Click on any of these links to see more detailed information about the Audit work undertaken:
A BYPAD audit may be seen as the logical next step for those authorities that have taken part in the CTC benchmarking programme and wish to take their cycling activities to the next level.
The CTC process is primarily aimed at engaging with local authority professionals and often this involves only those responsible for cycling. This may be termed a ‘horizontal’ approach to reviewing programmes and performance i.e. most of those involved are at similar levels of seniority.
BYPAD is different in that it takes a ‘vertical’ approach. It achieves this by involving in the review process a range of individuals at different levels of responsibility within one authority. These include ‘decision makers’ (elected politicians), officials (a range of disciplines at a senior level) and users (groups or individuals).
Principle outcomes may be described as follows:
The BYPAD process is a systematic review of an authority’s cycle policy. It can be undertaken at any of the following administrative levels:
The review is applied across nine policy areas ranging from planning to infrastructure. This process is based on quality management techniques and is well tried and tested. Its development was originally funded by the EU and to date has been employed in over 100 authorities in more than 20 countries across Europe. Even cities with high levels of cycling (>20%) such as Munster, Odense and Ferrara have seen the value of BYPAD reviews.
The need for a good (local) cycling policy to assure future bicycle use is also strongly advocated in the Dutch research document Bicycle use in practice and policy in the twentieth century1. This research proves that having a continuous long-term cycling policy which is regularly under review has a real impact on cycle use and cycle safety.
Its sound procedural nature means that BYPAD sets a robust baseline, is easily repeatable and can be readily used to measure progress over a period of time: usually two to three years. This is common in mainland Europe and is about to occur for the first time in an authority in the UK.
The review process identifies the quality of the authority’s approach to cycling in line with one of four levels as follows:
This is achieved through those involved completing a series of questionnaires and attending meetings to establish a consensus and agree an action plan. The consensus meeting is particularly important as it explores the differing views expressed through the questionnaires. An external consult acts as a facilitator to explore the differences and to establish them at a level that everyone is happy with.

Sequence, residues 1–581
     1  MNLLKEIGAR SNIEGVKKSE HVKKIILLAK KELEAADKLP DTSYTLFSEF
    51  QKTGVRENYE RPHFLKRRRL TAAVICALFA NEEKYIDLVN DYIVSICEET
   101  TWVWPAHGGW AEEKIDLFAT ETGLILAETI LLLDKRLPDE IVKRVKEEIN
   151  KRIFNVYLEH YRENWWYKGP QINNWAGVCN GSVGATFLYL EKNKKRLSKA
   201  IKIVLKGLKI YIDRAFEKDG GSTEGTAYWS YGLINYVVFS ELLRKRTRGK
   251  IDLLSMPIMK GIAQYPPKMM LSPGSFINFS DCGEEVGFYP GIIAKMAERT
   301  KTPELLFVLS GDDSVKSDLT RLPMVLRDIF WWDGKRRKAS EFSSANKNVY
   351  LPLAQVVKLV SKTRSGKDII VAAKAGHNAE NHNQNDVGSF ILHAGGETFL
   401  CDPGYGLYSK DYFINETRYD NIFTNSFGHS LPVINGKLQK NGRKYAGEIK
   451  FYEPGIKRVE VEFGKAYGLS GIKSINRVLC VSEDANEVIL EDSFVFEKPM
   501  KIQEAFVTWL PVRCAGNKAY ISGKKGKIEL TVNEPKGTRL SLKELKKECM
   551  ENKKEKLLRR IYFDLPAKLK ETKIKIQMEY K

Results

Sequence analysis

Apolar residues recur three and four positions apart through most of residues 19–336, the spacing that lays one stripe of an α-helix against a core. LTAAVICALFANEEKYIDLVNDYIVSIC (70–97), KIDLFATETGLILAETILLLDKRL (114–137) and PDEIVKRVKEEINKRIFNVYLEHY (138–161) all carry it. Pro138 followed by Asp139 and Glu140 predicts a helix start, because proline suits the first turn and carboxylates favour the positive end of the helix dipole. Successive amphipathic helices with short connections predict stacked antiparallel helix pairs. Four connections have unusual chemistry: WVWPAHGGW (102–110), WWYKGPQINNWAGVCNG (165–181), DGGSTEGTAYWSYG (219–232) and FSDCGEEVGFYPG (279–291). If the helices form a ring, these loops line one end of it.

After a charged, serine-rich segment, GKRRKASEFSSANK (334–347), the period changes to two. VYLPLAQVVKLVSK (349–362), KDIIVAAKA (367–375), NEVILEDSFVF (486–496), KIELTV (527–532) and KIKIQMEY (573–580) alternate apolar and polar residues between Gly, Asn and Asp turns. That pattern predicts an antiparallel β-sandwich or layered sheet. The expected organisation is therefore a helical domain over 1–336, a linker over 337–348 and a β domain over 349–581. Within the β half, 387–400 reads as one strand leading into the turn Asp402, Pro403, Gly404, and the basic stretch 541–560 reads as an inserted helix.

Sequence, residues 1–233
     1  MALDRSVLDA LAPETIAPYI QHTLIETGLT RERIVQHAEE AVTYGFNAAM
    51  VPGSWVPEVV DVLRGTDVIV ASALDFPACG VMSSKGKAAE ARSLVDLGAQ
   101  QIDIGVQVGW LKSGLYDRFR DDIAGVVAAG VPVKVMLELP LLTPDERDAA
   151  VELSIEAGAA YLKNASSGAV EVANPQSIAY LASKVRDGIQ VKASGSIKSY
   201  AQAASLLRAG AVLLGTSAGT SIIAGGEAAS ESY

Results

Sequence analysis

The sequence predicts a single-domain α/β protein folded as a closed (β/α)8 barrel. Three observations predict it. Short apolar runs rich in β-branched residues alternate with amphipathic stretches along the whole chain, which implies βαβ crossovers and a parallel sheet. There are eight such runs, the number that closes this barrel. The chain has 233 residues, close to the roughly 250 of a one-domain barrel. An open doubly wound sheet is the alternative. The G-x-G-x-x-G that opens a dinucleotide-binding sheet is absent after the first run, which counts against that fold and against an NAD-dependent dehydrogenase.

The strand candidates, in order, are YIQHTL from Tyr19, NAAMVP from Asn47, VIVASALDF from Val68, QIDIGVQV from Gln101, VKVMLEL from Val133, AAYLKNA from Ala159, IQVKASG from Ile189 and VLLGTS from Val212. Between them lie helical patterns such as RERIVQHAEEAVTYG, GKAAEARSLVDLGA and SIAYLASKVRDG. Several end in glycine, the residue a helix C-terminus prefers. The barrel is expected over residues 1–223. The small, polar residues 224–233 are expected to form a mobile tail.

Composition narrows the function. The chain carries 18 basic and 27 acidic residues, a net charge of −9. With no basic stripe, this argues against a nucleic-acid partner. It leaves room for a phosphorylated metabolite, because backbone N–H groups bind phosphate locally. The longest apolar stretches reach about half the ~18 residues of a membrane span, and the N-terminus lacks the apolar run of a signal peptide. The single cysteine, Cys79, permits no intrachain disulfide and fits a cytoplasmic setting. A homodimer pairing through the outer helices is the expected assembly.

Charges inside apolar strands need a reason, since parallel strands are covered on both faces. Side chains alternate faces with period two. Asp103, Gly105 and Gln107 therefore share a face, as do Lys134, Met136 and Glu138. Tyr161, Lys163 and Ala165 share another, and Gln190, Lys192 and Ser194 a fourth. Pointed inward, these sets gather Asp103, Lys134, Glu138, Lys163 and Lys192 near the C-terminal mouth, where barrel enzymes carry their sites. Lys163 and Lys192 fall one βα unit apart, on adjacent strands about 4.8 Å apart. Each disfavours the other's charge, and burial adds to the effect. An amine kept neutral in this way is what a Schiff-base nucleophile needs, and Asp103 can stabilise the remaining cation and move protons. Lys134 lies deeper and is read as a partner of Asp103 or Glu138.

It also produces a series of scores for each of the nine policy areas. This permits the authority to be benchmarked across European authorities of a similar nature. In turn this enables the identification of new measures and approaches that can be introduced to follow the example of successful authorities. In addition to the scored review, the principal output is a ‘Cycling Quality Plan’ (action plan) which enables an authority to focus on those areas in which it can improve its performance and measure its achievements through subsequent reviews.
In general, the development of provision for cyclists has historically been infrastructure-led and based around the development of linear routes. This has led to the implementation of many sub-standard facilities which provide little or no benefit to cyclists and are unlikely to encourage new users.
In these situations it is beneficial to take a different approach which could be summed up as “routes for cyclists” as opposed to “cycle routes”. The direction of national policy supports just this approach. To address this, Transport Initiatives has developed CERS in partnership with TRL (Transport Research Laboratory). CERS is based on TRL’s well-established process for assessing walking conditions, PERS (Pedestrian Environment Review System).
CERS is a systematic process which quantifies routes using the five key criteria for good practice in cycle provision (set out in DfT Local Transport Note 2/08 “Cycle Infrastructure Design”):
The CERS process allows the assessment and comparison of cycling conditions on routes or sections of routes. It can take into account both existing conditions and the situation following the introduction of measures to encourage cycling.
A major feature of the CERS2 process is that scores can also be shown graphically using a pentagram “radar plot”. This allows a rapid visual assessment of the strengths and weaknesses of a particular route or link.